Memoir of Hannah More

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S. G. Arnold’s Memoir of Hannah More was published by T. Mason & G. Lane of New York for the Methodist Episcopal Church in 1839. Hannah More (1745-1833) first became known to the public as a writer, penning poems, plays, and stories in the 1770s. By the 1780s, she had moved on to write religious and moral tales, including treatises against slavery and for female education. Continuing to write about Christian morals in her advancing age, she also established schools in the Bristol area of England. Her moral and Christian character that stressed education made her a popular figure at this time.
The Copp Collection contains about 150 books of early American imprint and shows a wide range of reading matter typical of a New England Puritan family living in a port town. Literacy was expected of many New Englanders, as Puritan doctrine required everyone to read the Bible. The abundance of multiple Bibles, psalms, hymnodies, sermons, and morality tales reflects the Copp’s religious beliefs. Other highlights of the library include the works of Shakespeare, almanacs, historical and political texts, and travel narratives.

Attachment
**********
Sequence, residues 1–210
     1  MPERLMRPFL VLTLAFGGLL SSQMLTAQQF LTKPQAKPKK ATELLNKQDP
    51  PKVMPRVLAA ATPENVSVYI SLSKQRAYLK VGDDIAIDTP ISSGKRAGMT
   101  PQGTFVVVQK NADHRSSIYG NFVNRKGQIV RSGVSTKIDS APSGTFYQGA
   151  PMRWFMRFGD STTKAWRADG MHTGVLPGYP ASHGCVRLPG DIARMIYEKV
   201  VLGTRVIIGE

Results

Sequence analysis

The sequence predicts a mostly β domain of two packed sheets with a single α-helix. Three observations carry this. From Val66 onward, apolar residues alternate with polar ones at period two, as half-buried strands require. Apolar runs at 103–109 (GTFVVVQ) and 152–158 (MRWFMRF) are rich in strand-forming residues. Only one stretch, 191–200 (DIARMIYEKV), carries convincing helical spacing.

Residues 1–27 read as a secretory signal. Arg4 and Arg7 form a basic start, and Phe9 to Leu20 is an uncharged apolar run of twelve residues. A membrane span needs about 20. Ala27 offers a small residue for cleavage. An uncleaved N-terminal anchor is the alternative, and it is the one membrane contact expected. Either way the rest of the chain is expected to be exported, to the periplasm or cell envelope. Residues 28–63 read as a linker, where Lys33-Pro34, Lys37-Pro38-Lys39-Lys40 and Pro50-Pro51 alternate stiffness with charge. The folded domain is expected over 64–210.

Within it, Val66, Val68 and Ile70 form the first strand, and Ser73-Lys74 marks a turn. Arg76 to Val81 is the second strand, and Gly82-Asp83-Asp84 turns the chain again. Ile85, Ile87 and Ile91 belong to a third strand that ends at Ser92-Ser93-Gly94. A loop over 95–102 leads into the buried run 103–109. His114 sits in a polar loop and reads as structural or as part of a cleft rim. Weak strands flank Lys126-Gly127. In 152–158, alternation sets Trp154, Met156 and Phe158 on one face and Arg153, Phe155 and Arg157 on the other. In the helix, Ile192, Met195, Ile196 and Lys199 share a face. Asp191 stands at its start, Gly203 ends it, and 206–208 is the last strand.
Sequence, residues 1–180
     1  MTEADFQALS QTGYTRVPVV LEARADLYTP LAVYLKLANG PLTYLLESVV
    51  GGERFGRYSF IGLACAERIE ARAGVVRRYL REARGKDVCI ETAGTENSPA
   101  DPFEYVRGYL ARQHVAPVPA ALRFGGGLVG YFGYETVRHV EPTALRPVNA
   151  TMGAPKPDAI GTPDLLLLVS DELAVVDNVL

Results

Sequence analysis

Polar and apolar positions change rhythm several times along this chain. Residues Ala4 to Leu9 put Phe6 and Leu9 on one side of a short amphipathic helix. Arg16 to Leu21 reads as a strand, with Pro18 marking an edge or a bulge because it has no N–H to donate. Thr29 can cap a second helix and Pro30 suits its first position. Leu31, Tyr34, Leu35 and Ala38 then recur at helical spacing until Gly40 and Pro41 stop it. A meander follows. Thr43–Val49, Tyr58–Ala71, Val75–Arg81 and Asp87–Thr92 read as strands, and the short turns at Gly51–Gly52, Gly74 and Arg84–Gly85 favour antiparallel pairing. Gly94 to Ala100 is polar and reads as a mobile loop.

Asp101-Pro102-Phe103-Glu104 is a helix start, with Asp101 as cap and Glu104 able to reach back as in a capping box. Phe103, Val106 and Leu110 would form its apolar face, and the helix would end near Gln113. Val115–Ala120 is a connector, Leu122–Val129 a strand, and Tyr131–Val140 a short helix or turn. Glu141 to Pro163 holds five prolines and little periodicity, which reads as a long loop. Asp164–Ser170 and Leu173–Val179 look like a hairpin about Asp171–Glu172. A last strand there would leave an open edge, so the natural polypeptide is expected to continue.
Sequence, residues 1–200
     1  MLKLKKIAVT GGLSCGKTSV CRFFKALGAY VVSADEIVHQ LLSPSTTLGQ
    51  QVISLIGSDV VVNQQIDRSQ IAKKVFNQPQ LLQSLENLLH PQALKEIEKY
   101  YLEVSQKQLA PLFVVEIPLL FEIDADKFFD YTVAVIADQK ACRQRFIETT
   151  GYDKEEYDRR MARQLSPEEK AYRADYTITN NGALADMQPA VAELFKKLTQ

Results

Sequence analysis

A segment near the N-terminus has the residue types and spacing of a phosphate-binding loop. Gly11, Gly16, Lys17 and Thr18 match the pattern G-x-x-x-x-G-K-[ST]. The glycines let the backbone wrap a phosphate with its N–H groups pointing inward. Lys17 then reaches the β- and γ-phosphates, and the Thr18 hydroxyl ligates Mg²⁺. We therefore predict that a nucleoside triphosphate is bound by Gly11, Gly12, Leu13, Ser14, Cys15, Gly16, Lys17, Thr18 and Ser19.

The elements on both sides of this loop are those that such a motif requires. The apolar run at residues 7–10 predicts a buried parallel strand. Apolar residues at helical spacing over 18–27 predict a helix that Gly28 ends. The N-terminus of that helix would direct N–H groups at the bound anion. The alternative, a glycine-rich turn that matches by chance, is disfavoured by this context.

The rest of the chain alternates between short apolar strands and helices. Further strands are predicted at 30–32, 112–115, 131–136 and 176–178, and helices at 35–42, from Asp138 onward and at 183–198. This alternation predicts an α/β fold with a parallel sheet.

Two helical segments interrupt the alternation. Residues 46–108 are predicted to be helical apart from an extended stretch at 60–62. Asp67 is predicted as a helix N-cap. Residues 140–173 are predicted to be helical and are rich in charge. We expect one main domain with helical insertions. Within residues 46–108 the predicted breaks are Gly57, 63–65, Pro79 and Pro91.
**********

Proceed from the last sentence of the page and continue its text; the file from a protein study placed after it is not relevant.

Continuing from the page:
The Copp Collection contains a variety of household objects that the Copp family of Connecticut used from around 1700 until the mid-1800s. Part of the Puritan Great Migration from England to Boston, the family eventually made their home in New London County, Connecticut, where their textiles, clothes, utensils, ceramics, books, bibles, and letters provide a vivid picture of daily life. More of the collection from the Division of Home and Community Life can be viewed by searching accession number 28810.
Currently not on view
overall: 1 in x 3 3/4 in x 5 1/2 in; 2.54 cm x 9.525 cm x 13.97 cm
ID Number
catalog number
accession number
Credit Line
Gift of John Brenton Copp
See more items in
Home and Community Life: Domestic Life
Cultures & Communities
Copp Collection
Data Source
National Museum of American History


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